Haematopoiesis refers to the formation of blood cellular components. All cellular blood components are derived from haematopoietic stem cells. In a healthy adult person, approximately 1,011–1,012 new blood cells are produced daily in order to maintain steady state levels in the peripheral circulation.
Haematopoietic stem cells (HSCs) reside in the medulla of the bone (bone marrow) and have the unique ability to give rise to all of the different mature blood cell types. HSCs are self-renewing: when they proliferate, at least some of their daughter cells remain as HSCs, so the pool of stem cells does not become depleted. The other daughters of HSCs (myeloid and lymphoid progenitor cells), however can each commit to any of the alternative differentiation pathways that lead to the production of one or more specific types of blood cells, but cannot self-renew. This is one of the vital processes in the body.
All blood cells are divided into three main lineages (Figure 1).
- Erythroid cells are the oxygen carrying red blood cells. Both reticulocytes and erythrocytes are functional and are released into the blood. In fact, a reticulocyte count estimates the rate of erythropoiesis, the formation of the new red blood cells.
- Lymphocytes are the cornerstone of the adaptive immune system. They are derived from common lymphoid progenitors. The lymphoid lineage is primarily composed of T-cells and B-cells (types of white blood cells). This is lymphopoiesis.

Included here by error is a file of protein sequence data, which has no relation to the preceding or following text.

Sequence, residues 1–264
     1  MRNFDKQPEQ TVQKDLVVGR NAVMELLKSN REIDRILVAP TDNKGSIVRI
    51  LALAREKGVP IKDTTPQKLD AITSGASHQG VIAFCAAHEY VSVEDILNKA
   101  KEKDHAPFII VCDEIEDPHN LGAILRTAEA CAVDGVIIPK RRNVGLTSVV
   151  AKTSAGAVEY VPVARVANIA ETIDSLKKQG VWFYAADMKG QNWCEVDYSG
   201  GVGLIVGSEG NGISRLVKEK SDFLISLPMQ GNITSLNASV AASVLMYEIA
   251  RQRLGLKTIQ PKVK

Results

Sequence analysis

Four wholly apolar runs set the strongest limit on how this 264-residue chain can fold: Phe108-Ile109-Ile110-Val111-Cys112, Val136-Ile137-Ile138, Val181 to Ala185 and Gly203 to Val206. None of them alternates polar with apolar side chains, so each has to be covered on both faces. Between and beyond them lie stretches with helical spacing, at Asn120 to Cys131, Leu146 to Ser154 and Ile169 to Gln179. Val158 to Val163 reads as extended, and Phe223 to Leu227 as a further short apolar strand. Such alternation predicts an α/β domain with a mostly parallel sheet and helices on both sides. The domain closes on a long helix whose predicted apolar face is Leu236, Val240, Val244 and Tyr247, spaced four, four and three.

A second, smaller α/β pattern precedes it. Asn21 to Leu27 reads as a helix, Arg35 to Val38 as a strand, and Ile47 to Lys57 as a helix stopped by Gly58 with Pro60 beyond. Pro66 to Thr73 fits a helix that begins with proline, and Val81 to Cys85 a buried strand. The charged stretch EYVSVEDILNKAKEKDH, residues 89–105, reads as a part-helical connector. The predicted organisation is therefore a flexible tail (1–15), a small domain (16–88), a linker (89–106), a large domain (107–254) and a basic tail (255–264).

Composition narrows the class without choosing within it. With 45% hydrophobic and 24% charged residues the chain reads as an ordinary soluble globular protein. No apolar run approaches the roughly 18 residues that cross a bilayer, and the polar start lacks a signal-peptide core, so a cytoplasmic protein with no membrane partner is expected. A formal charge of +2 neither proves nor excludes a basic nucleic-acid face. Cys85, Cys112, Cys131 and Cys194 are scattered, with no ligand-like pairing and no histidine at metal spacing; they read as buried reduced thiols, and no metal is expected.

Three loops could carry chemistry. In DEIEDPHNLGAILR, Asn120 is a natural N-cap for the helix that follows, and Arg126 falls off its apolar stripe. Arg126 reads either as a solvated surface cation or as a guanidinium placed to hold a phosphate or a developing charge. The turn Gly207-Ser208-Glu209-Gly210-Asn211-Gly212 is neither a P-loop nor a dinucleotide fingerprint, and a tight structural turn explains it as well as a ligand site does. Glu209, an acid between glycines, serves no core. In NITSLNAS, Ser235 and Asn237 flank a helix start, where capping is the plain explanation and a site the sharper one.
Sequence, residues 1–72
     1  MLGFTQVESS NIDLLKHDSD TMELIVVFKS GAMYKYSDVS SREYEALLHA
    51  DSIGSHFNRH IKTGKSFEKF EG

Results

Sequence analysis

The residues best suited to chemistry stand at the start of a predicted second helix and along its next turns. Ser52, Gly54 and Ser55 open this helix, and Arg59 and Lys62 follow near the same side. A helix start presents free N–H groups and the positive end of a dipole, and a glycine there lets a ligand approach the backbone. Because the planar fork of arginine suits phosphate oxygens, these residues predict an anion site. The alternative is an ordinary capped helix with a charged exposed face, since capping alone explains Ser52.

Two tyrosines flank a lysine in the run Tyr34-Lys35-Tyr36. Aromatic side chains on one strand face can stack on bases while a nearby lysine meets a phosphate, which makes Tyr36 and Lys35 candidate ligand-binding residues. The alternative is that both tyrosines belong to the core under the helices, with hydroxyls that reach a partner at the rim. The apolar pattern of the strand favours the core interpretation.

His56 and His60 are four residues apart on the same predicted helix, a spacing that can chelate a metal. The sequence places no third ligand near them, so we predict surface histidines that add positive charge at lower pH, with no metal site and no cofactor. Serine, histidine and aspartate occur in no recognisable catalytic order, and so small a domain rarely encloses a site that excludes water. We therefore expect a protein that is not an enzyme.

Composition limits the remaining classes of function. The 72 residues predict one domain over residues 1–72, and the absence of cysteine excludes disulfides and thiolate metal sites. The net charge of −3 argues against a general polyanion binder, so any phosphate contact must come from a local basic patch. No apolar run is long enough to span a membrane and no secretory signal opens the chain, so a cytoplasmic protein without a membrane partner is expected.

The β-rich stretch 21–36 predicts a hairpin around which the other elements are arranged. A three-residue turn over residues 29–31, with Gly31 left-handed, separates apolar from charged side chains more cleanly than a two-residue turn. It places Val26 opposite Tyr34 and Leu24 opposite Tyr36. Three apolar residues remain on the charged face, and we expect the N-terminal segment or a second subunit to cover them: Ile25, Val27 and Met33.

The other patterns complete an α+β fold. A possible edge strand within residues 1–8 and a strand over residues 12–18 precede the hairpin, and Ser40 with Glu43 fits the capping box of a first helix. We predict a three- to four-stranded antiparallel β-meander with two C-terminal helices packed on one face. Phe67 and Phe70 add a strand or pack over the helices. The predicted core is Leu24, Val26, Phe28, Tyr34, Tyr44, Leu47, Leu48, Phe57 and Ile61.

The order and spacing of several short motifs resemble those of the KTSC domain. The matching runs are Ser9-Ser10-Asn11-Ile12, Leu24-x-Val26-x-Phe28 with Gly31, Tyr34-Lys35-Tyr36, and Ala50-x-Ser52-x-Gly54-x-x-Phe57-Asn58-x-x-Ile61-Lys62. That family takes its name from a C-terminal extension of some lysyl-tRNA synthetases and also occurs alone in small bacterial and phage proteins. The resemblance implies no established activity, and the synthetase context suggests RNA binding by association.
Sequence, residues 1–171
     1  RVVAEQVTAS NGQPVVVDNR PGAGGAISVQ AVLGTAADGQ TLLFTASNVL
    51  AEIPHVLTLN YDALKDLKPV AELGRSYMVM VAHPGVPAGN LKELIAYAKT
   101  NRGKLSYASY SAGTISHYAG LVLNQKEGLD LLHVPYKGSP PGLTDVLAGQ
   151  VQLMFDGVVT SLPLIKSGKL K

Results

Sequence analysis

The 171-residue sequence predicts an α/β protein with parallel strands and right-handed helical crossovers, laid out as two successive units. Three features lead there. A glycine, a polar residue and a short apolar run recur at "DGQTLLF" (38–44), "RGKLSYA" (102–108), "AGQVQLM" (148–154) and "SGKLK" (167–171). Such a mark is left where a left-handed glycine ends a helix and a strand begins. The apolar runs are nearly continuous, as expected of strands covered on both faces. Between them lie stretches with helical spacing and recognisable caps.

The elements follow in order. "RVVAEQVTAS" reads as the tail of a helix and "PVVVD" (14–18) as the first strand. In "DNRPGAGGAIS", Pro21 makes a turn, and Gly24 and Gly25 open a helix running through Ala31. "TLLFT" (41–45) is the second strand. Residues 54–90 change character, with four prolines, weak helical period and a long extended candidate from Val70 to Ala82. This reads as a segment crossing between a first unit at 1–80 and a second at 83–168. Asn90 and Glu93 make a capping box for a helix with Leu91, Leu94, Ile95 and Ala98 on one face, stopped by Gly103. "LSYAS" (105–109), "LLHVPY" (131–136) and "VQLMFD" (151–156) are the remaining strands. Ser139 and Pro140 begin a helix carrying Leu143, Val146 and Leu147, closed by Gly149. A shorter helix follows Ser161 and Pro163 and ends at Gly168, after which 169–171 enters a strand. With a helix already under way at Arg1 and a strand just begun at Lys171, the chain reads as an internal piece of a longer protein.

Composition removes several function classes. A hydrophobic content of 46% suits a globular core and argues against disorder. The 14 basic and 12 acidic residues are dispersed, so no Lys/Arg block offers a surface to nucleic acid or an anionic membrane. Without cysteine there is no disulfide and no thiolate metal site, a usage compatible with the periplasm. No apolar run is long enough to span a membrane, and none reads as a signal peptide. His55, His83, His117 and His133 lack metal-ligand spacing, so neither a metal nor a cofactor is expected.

- Myelocytes, which include granulocytes, megakaryocytes, and macrophages and are derived from common myeloid progenitors, are involved in such diverse roles as innate immunity, adaptive immunity, and blood clotting. This is myelopoiesis.
Additional terms for types of blood production include granulopoiesis and megakaryocytopoiesis. Granulopoiesis (or granulocytopoiesis) is haematopoiesis of granulocytes. Megakaryocytopoiesis is haematopoiesis of megakaryocytes.
Sites of Haematopoesis (Human) in Pre- and Postnatal Periods
In developing embryos, blood formation occurs in aggregates of blood cells in the yolk sac, called blood islands. As development progresses, blood formation occurs in the spleen, liver, and lymph nodes Figure 1.
When bone marrow develops, it eventually assumes the task of forming most of the blood cells for the entire organism. However, maturation, activation, and some proliferation of lymphoid cells occurs in secondary lymphoid organs (spleen, thymus, and lymph nodes). In children, haematopoiesis occurs in the marrow of the long bones such as the femur and tibia. In adults, it occurs mainly in the pelvis, cranium, vertebrae, and sternum.
In some cases, the liver, thymus, and spleen may resume their haematopoietic function, if necessary. This is called extramedullary haematopoiesis. It may cause these organs to increase in size substantially. During fetal development, since bones and thus the bone marrow develop later, the liver functions as the main haematopoetic organ. Therefore, the liver is enlarged during development.